Monday 14 March 2011

No title

Towards Christchurch
sketchbook page
 Like many people I've watched the news in horror as images of the earthquake and subsequent tsunami played out over the news. This morning I've heard reports of the second explosion at the nuclear plant. Each of these events devastating and truly disastrous in themselves but to have one on top of another is just unimaginable. My thoughts are with all the people this has affected, I just can't begin to imagine what they are going through.

Thursday 10 March 2011

Taking colour for a walk

I've been using one of the palettes from the ongoing still life project today. The main base colours of the painting are cadmium yellow deep and primary cyan.....yikes! Both are powerful colours and I used a lot of white, naples yellow and touches of burnt sienna, deep violet, cobalt blue and indanthrene blue to neutralise. (Usually my palette is a lot more limited - two or three colours + white)

It's not finished and might well just stay as an exercise rather than a finished piece but it's been good to step outside my colour comfort zone. The painting started as thin glazes in the sky and sea, then mid way through the waves and down to the sand I've scumbled all the colours together.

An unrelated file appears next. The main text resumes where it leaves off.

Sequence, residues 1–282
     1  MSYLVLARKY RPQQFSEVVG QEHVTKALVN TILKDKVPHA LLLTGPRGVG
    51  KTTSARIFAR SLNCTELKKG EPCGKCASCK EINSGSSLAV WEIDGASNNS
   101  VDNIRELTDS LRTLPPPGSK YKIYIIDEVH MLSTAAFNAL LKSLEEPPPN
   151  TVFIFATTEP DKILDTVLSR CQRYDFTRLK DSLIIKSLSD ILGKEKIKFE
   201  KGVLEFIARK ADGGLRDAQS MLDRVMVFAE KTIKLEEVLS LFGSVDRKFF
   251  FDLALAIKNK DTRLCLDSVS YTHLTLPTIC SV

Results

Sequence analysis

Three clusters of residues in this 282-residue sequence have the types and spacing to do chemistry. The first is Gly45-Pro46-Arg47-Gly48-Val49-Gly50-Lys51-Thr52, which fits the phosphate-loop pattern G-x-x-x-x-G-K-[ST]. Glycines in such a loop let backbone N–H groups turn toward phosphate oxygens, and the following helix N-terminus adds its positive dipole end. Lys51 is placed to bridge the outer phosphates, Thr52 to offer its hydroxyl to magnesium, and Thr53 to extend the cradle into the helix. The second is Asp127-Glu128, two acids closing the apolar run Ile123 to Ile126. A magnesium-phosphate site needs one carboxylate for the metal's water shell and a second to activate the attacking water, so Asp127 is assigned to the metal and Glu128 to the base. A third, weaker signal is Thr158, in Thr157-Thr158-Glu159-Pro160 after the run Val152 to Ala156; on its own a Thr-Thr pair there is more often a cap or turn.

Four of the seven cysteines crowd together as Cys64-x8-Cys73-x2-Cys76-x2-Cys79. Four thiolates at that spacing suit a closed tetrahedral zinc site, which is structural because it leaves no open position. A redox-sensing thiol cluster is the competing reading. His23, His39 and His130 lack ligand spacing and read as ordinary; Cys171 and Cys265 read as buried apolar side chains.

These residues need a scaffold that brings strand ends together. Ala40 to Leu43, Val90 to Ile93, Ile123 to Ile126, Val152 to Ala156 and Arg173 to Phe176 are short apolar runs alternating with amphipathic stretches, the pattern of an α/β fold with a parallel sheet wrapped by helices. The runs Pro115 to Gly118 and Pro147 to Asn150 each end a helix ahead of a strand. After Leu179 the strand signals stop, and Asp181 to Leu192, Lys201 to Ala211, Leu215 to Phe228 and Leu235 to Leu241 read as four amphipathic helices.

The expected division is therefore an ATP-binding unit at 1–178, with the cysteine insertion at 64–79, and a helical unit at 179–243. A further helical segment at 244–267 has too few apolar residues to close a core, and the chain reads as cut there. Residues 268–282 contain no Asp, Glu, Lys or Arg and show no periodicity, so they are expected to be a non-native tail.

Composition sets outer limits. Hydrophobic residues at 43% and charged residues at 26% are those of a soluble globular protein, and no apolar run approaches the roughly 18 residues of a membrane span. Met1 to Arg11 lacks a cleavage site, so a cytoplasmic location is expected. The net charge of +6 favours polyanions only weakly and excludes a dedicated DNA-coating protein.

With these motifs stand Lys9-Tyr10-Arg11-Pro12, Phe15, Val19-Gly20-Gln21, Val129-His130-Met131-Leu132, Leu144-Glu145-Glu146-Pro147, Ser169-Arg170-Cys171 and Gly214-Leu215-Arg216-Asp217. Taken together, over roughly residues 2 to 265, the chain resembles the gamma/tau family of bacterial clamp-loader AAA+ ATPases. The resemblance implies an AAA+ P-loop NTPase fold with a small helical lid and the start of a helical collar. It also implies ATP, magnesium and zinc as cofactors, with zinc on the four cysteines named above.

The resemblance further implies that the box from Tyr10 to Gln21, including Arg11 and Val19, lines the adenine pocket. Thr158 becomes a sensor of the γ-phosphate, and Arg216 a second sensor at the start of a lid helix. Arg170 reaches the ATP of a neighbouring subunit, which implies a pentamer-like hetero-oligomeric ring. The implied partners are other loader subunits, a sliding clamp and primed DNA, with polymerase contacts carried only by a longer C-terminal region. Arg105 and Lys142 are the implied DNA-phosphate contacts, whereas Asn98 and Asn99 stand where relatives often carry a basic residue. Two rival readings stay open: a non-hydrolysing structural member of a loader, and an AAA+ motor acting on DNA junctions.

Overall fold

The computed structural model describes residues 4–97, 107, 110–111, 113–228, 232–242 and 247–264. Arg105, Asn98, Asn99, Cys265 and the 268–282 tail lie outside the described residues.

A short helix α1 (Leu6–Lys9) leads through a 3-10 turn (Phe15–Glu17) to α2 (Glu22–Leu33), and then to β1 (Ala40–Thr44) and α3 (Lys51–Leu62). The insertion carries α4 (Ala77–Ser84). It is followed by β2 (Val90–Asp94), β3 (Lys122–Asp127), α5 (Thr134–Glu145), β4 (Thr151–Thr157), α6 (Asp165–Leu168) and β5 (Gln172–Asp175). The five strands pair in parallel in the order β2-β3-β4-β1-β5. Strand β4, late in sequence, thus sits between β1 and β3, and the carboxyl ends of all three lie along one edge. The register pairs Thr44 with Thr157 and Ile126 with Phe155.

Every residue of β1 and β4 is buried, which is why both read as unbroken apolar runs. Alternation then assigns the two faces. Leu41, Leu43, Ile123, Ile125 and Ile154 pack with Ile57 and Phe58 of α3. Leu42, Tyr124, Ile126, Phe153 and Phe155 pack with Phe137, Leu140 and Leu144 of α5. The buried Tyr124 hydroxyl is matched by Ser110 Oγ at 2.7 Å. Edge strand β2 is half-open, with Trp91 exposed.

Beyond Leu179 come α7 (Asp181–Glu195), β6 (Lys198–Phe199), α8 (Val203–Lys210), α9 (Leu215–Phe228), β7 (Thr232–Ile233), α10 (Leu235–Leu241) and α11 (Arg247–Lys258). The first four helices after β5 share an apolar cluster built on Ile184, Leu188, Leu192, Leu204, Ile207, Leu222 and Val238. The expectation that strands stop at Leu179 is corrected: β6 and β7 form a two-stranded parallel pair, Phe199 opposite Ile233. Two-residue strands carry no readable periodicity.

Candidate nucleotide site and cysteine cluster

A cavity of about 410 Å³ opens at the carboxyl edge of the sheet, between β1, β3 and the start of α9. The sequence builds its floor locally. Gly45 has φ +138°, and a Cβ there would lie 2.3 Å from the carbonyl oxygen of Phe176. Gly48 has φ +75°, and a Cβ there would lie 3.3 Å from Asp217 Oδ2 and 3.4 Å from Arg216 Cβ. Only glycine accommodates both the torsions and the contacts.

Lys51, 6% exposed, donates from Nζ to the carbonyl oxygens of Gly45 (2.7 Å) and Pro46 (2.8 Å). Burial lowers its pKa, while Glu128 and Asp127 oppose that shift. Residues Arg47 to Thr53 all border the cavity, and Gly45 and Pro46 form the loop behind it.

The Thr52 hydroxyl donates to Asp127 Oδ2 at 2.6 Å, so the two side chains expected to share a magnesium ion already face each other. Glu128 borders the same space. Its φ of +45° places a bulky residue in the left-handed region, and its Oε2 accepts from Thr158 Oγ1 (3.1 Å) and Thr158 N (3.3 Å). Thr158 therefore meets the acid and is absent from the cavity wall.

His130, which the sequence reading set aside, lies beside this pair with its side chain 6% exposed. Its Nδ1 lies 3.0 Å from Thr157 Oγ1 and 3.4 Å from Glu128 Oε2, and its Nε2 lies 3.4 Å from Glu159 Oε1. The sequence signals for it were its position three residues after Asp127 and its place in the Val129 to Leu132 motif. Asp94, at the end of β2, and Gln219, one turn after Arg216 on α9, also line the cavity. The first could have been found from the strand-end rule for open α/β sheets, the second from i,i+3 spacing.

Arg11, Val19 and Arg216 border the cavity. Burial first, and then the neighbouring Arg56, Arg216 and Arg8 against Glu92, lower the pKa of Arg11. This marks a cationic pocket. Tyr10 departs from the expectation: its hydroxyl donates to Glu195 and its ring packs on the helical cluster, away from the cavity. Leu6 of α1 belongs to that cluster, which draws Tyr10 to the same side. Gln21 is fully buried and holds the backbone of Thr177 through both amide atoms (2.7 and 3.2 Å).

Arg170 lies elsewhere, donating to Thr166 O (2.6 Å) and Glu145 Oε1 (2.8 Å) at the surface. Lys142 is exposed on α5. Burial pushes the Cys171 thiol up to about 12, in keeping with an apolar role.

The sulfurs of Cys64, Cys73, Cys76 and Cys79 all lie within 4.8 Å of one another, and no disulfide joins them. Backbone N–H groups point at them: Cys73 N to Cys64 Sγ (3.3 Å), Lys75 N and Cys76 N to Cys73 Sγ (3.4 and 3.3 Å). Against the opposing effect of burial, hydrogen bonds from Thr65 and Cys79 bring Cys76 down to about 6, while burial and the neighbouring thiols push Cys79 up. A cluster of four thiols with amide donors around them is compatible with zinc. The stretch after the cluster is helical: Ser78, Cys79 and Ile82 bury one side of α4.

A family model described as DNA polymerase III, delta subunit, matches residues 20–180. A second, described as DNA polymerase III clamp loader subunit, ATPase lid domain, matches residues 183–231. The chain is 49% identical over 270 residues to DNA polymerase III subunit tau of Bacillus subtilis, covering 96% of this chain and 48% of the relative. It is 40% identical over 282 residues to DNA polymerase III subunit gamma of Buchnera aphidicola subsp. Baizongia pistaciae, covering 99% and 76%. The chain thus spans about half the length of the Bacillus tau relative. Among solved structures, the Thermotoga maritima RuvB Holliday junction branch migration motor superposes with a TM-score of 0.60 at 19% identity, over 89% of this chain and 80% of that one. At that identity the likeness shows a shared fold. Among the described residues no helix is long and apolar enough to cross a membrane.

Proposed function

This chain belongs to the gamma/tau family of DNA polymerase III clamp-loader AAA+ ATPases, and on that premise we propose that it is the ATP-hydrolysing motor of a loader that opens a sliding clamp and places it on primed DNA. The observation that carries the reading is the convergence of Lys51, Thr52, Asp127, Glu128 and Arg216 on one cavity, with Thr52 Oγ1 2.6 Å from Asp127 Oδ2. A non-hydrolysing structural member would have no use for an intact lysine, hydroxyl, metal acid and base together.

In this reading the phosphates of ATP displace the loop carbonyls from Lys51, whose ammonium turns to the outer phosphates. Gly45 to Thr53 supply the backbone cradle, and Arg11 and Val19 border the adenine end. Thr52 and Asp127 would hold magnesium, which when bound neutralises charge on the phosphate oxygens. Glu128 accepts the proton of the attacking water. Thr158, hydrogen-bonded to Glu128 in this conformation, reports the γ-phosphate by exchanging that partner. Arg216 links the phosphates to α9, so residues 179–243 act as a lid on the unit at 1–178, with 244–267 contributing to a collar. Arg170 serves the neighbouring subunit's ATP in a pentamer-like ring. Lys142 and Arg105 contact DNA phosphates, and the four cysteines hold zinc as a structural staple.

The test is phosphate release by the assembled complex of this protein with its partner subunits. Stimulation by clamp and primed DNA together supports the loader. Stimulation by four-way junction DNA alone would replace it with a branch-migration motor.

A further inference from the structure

Once I'd gotten to this stage there was a lot of paint on my palette and not wanting to waste it I thought I'd take the colours on a walk. Below is a sketchbook page of our journey.

It makes me think of the Farrow and Ball paint chart and is a really good reminder exercise of how beautiful neutrals and greys are.

Just in case you missed it, there's a post over at Making a Mark all about Katherine Tyrrell's colour project with links to her squidoo colour page and lots of other resources. Be sure to bookmark it as it's a place you will definitely want to return to.

Wednesday 9 March 2011

Bright moon rising - after adjustments

After a few days of living with this painting, and two very good critiques from other artists I set to work on adjusting certain aspects. The tonal contrast was too severe and the light needed to be softened somewhat. As I'm sure you know, when adjusting an areas tone or colour the rest then needs to be worked on to make the painting work as a whole.

I followed Roger's suggestion of hinting at the soft halo that surrounds the moon, it's made the piece seem much more peaceful, (which was what I was aiming for initially) and gives more of a glow to the cloud area. As the horizon dropped there was a too much of a gap in the right hand sky area which was upsetting the balance to my eye and so I've added in another cloud mass to off set it. The light is merely a whisper on this one as it is so much further back in the sky.